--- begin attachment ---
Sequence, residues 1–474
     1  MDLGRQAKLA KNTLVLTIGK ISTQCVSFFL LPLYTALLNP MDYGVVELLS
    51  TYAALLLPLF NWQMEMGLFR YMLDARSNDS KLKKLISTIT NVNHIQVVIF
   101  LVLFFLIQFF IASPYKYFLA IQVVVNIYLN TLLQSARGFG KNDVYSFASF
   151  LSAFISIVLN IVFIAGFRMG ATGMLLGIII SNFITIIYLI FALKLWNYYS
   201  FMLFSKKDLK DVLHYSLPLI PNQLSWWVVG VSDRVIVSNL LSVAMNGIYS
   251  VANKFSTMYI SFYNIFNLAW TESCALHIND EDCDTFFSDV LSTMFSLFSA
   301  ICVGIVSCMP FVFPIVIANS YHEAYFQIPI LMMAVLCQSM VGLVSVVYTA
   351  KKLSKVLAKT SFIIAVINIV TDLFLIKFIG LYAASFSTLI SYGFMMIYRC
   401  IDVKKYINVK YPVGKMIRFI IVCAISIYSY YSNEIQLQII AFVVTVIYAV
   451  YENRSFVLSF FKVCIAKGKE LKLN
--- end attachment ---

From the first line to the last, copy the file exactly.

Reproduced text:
Sequence, residues 1–474
     1  MDLGRQAKLA KNTLVLTIGK ISTQCVSFFL LPLYTALLNP MDYGVVELLS
    51  TYAALLLPLF NWQMEMGLFR YMLDARSNDS KLKKLISTIT NVNHIQVVIF
   101  LVLFFLIQFF IASPYKYFLA IQVVVNIYLN TLLQSARGFG KNDVYSFASF
   151  LSAFISIVLN IVFIAGFRMG ATGMLLGIII SNFITIIYLI FALKLWNYYS
   201  FMLFSKKDLK DVLHYSLPLI PNQLSWWVVG VSDRVIVSNL LSVAMNGIYS
   251  VANKFSTMYI SFYNIFNLAW TESCALHIND EDCDTFFSDV LSTMFSLFSA
   301  ICVGIVSCMP FVFPIVIANS YHEAYFQIPI LMMAVLCQSM VGLVSVVYTA
   351  KKLSKVLAKT SFIIAVINIV TDLFLIKFIG LYAASFSTLI SYGFMMIYRC
   401  IDVKKYINVK YPVGKMIRFI IVCAISIYSY YSNEIQLQII AFVVTVIYAV
   451  YENRSFVLSF FKVCIAKGKE LKLN